Somalia has suffered for decades from prolonged conflict combined with extreme weather, especially recurrent droughts and floods. Against a background of widespread poverty, it is now also facing the worst desert locust infestation in 25 years and a rapidly-escalating coronavirus outbreak. EU humanitarian funding is helping aid organisations in Somalia provide life-saving assistance to vulnerable people, including those affected by conflict, drought or food shortages.
What are the needs?
For almost 3 decades, conflict has been the main driver of Somalia’s humanitarian crisis. Insurgent armed groups remain the biggest source of insecurity, carrying out indiscriminate attacks on Somalis, kidnappings and forcefully recruiting children. Pervasive insecurity in Somalia impedes access for humanitarian organisations and restricts the ability of Somalis to support themselves economically. Several parts of the country have reported an upsurge in inter-community clashes and violent conflict.
According to the UN Refugee Agency (UNHCR), more than 667,000 Somali refugees live in neighbouring countries. A further 2.6 million people are displaced within Somalia, mainly due to conflict, drought and floods. The majority live in the over 2,300 sites for internally displaced people, in overcrowded and unsanitary conditions. For most, there is little to no possibility of returning home.
Some 5.9 million people require humanitarian assistance in Somalia and the rate of malnutrition among children is critically high. The ongoing locust infestation is expected to have a significant impact on the next harvest. Almost 2.7 million people are expected to experience severe food insecurity by mid-2021; up from 1.1 million people at the end of 2020. This is further compounded by the coronavirus pandemic, which places extra pressure on Somalia’s already strained health system.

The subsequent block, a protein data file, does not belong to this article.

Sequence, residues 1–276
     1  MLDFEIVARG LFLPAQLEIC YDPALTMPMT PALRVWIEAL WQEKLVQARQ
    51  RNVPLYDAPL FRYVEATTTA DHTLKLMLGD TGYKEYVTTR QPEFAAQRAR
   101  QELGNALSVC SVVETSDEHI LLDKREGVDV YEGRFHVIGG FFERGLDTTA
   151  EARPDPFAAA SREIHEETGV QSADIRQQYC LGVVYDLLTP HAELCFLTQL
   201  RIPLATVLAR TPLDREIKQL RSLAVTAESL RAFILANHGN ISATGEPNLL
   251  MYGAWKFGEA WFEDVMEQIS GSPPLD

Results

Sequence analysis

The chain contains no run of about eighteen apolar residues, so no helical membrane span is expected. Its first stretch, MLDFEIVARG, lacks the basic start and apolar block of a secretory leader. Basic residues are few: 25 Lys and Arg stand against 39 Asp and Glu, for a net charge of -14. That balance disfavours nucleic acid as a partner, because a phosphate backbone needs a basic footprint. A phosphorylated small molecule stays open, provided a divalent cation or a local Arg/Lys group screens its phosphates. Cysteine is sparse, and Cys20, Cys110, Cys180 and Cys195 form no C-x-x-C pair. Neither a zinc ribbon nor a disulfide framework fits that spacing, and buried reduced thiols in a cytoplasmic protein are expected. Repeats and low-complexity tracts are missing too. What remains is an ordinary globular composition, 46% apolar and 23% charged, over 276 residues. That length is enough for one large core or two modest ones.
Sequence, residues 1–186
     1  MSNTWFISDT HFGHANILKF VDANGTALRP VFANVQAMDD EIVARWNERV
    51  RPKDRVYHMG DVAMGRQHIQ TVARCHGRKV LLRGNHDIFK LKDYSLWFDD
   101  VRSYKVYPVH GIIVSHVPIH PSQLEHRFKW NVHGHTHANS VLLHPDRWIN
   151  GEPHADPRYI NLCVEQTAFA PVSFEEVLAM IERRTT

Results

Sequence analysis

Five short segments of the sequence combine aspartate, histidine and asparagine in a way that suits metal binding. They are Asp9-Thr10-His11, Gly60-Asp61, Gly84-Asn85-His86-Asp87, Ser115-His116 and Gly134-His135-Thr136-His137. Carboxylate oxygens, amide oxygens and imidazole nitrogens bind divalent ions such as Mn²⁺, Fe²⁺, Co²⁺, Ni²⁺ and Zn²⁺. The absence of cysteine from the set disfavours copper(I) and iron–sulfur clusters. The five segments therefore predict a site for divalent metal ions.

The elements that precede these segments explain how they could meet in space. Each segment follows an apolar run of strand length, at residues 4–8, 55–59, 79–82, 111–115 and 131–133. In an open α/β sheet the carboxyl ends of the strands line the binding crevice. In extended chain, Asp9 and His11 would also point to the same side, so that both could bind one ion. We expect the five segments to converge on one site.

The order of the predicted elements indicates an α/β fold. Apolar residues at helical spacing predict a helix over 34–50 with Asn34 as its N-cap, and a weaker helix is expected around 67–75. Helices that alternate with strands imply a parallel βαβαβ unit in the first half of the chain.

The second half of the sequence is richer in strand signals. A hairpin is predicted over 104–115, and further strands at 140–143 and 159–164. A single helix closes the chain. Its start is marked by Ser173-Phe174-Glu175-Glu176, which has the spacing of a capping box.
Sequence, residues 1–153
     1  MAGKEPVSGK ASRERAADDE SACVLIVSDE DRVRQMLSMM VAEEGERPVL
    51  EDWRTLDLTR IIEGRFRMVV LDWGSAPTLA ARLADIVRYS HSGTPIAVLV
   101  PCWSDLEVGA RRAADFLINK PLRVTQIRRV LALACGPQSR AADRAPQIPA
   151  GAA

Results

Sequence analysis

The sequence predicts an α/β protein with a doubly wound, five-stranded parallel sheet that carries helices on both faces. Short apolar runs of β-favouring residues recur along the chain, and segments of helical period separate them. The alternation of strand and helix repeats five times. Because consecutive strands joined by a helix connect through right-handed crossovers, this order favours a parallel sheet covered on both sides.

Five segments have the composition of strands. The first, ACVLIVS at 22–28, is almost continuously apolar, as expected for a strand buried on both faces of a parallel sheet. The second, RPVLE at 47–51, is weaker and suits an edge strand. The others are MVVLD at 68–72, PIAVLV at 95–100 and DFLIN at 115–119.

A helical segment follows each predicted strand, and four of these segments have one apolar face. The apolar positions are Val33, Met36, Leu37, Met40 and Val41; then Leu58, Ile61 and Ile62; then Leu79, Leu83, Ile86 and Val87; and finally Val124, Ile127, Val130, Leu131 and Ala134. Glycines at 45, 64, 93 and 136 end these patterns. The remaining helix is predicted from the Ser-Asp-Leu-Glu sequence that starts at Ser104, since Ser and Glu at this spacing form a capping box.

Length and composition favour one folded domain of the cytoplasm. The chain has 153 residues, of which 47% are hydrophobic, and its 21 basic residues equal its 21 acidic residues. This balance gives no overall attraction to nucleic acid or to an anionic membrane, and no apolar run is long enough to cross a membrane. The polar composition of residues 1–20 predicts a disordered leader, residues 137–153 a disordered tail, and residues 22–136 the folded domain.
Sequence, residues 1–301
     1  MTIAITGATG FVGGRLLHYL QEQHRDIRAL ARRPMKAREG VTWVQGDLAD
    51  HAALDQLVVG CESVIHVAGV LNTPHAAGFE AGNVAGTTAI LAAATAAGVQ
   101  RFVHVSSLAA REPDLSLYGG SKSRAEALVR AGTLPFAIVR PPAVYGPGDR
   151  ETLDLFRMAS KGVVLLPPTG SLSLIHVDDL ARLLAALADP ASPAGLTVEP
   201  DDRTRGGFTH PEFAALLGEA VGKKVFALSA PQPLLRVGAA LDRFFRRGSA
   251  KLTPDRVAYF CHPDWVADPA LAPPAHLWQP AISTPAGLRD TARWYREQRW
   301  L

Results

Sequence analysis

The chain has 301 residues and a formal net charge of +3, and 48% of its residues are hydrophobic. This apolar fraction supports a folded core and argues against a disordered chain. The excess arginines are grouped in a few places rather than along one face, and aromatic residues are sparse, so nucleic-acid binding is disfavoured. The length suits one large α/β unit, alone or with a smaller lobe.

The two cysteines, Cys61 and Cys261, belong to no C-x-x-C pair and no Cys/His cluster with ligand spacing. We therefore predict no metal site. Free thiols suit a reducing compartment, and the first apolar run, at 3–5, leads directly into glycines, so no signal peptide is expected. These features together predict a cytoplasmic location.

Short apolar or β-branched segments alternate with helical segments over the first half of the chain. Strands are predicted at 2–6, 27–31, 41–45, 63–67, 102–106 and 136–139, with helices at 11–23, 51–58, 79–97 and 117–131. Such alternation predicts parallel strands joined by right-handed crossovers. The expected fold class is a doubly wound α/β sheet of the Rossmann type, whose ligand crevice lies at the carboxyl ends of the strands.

Current political instability may exacerbate all of the above depending on a peaceful resolution to the political stalemate, while elections have been postponed since February 2021.
How are we helping?
In 2020, the EU provided €52 million in funding for humanitarian projects in Somalia. Together, the EU and its Member States provide over 35% of all humanitarian aid in Somalia.
EU humanitarian funding supports aid organisations delivering life-saving assistance to vulnerable people, including those affected by conflict, drought or food shortages, to cover their most urgent needs. This assistance includes access to basic health and nutrition services, clean water, protection, shelter and education. Last year, the EU also provided €9.5 million of humanitarian aid to help it tackle the locust outbreak and protect the livelihoods of affected farmers and pastoralists in the region.
During the coronavirus pandemic, EU-funded humanitarian projects in Somalia are adopting measures and adapting to the new challenges to help beneficiaries and staff keep safe, while continuing to provide life-saving assistance to support vulnerable communities. These actions are complementing ongoing efforts by the Ministry of Health of Somalia and are implemented in line with the COVID-19 Country Preparedness and Response Plan for Somalia. The EU also organised 3 Humanitarian Air Bridge flights to Somalia in 2020. These flights transported much-needed health equipment to humanitarian partners in the country.
EU-funded humanitarian health actions continue helping local health centres and Somali hospitals in providing access to health care and epidemics prevention and control. Last year, a share of the EU’s humanitarian funding allocated to the World Health Organization (WHO) to support its global coronavirus response was used to support Somalia’s health authorities. The aim was to scale up operational readiness for early detection and respond to large-scale community transmission.
Whenever relevant, EU humanitarian support helps people in need through cash transfers. This system enables households to buy what they urgently need to feed and sustain their family with education for children and health care for the sick. Besides, using cash transfers helps to overcome some of the accessibility challenges in the country, while at the same time supporting local markets.
Given Somalia’s high child and maternal mortality rate, severe malnutrition rates and frequent disease outbreaks, EU support in the country also focuses on the provision of quality health care and the emergency treatment of malnutrition through experienced health and nutrition implementation partners. Somalia needs more long-term development to prevent vulnerable people, such as pastoral and agricultural communities, from sliding back into crisis. Cooperation between the EU’s humanitarian and development actions is ongoing, especially for cash-based safety nets and education, to build up the longer-term resilience of fragile Somali communities.